Gender and Age Difference in Clinical Features and severity of Parkinson’s Disease: A Cross-Sectional Study in Southern Morocco

AUTHORS

Abderrahmane Achbani ORCID 1 , * , Sofiane Ait Wahmane 1 , Mohamed Elatiqi 1 , Hasnaa Sine ORCID 2 , Ahmed Kharbach ORCID 3 , Ahmed Belmouden 1 , Mohamed Nejmeddine 1

1 Laboratory of Cell Biology and Molecular Genetics, Department of Biology, Faculty of Sciences, University Ibn Zohr, Agadir, Morocco

2 Medical Biology, Human and Experimental Pathology and Environment, Faculty of Medicine and Pharmacy of Rabat, Mohamed V University of Rabat, 10100, Morocco

3 Laboratory of Biostatistics, Clinical Research and Epidemiology (LBRCE), Faculty of Medicine and Pharmacy of Rabat, Mohamed V University of Rabat,10100, Morocco

How to Cite: Achbani A, Ait Wahmane S, Elatiqi M, Sine H, Kharbach A, et al. Gender and Age Difference in Clinical Features and severity of Parkinson’s Disease: A Cross-Sectional Study in Southern Morocco, Arch Neurosci. Online ahead of Print ; 7(3):e106239. doi: 10.5812/ans.106239.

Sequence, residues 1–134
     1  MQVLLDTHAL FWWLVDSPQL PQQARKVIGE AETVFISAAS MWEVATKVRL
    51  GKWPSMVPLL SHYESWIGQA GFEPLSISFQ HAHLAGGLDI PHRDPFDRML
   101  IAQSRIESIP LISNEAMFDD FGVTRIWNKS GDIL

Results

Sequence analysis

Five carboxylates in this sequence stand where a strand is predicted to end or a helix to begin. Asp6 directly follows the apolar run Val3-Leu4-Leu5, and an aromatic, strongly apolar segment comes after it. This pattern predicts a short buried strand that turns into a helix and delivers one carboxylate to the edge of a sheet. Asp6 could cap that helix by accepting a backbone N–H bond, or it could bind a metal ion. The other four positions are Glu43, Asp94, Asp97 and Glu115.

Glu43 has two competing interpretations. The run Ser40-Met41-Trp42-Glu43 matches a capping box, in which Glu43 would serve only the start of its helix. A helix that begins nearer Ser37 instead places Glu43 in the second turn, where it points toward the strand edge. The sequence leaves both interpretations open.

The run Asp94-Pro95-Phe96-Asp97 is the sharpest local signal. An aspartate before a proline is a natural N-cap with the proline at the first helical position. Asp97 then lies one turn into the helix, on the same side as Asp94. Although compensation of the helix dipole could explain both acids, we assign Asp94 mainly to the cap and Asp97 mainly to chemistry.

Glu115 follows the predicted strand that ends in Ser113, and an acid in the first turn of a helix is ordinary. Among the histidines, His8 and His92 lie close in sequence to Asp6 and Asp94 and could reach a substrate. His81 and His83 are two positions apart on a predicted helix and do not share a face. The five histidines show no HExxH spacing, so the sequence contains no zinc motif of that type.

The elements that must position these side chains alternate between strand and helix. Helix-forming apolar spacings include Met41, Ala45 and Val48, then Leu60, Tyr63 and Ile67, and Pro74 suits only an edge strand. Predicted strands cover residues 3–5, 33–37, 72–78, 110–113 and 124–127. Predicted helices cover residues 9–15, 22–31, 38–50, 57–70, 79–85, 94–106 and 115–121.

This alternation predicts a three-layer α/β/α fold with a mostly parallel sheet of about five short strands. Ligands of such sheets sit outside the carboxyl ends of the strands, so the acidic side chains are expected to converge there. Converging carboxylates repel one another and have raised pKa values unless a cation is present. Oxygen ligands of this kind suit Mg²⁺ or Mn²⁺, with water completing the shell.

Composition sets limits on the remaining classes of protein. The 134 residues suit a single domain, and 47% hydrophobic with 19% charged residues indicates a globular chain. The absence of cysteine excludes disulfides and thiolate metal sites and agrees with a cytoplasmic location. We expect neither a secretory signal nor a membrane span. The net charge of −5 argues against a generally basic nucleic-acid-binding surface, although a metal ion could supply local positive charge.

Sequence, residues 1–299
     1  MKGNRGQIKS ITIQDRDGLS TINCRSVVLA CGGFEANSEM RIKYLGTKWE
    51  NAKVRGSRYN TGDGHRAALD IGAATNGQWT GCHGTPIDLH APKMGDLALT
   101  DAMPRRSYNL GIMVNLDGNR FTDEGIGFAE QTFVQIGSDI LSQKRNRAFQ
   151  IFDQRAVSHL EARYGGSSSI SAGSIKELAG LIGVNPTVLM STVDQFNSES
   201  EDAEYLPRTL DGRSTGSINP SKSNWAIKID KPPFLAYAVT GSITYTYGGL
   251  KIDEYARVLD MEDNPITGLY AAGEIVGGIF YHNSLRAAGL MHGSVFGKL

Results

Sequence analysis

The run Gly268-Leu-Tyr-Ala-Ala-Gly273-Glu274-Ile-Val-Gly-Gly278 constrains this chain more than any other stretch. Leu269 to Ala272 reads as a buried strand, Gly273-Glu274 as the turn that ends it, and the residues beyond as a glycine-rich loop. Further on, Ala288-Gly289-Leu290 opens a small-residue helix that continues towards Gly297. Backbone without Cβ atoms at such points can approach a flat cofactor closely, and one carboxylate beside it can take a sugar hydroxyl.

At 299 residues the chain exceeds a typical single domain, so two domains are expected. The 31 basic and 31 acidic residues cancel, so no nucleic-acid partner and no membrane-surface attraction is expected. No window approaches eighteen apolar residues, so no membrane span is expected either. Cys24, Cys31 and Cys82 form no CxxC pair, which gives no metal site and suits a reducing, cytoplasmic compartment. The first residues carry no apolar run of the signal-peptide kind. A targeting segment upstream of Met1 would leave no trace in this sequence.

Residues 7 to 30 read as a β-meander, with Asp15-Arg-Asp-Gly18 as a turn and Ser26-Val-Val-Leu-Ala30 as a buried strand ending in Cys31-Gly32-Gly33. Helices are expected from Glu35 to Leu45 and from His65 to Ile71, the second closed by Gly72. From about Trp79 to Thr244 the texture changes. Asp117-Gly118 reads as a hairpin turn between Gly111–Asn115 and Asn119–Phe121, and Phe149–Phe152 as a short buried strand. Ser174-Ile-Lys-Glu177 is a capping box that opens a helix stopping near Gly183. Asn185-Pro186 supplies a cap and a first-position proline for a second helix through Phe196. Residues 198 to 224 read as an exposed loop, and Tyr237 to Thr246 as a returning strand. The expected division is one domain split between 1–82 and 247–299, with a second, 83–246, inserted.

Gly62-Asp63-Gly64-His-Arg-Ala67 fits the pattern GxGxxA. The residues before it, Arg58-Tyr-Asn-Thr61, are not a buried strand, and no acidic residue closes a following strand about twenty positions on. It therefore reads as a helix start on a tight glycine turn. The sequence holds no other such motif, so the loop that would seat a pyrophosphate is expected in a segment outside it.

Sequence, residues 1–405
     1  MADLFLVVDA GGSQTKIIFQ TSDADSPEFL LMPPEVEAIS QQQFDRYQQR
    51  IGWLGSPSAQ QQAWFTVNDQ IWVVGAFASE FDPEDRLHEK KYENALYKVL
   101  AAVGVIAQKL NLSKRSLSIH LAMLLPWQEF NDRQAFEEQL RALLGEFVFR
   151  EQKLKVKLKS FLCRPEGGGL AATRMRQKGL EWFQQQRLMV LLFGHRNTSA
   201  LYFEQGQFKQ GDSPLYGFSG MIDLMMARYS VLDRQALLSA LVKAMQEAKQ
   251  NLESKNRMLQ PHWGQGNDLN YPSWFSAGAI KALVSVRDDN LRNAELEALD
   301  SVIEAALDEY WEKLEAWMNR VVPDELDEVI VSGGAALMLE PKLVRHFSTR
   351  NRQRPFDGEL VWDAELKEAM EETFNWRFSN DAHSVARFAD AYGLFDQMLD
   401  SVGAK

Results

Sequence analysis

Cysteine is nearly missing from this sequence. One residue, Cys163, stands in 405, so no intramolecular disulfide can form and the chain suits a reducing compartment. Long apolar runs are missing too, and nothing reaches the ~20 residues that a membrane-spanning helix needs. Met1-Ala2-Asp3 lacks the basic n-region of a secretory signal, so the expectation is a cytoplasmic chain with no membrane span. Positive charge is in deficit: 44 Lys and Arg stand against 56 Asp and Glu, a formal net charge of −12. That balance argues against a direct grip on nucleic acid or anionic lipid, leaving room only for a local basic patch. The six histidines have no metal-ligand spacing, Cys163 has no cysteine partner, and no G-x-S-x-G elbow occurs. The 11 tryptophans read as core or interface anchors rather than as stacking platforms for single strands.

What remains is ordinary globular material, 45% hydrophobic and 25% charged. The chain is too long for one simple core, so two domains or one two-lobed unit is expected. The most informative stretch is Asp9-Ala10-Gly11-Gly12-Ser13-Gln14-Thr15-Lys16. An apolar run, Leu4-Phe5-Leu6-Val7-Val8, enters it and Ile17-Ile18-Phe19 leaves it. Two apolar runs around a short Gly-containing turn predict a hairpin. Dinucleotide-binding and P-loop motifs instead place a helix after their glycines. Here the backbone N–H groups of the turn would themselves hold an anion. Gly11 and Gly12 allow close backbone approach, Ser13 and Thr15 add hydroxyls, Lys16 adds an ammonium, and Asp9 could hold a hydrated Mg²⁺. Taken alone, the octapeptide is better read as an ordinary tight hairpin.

ARTICLE INFORMATION

Archives of Neuroscience: 7 (3); e106239
Published Online: July 26, 2020
Article Type: Research Article
Received: June 9, 2020
Revised: June 24, 2020
Accepted: June 28, 2020
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Abstract

Background: Parkinson’s disease is the second most frequently reported neurodegenerative disease, behind Alzheimer’s disease. In Morocco, enough information are not available about its prevalence, progression, and characteristics, particularly in Southern regions of the country.

Objectives: The current study aimed to investigate gender and age differences in the sociodemographic and clinical profile of Parkinson’s disease patients in southern Morocco.

Methods: A cross-sectional descriptive study was conducted on a selected cohort of 180 patients, previously diagnosed with Parkinson’s.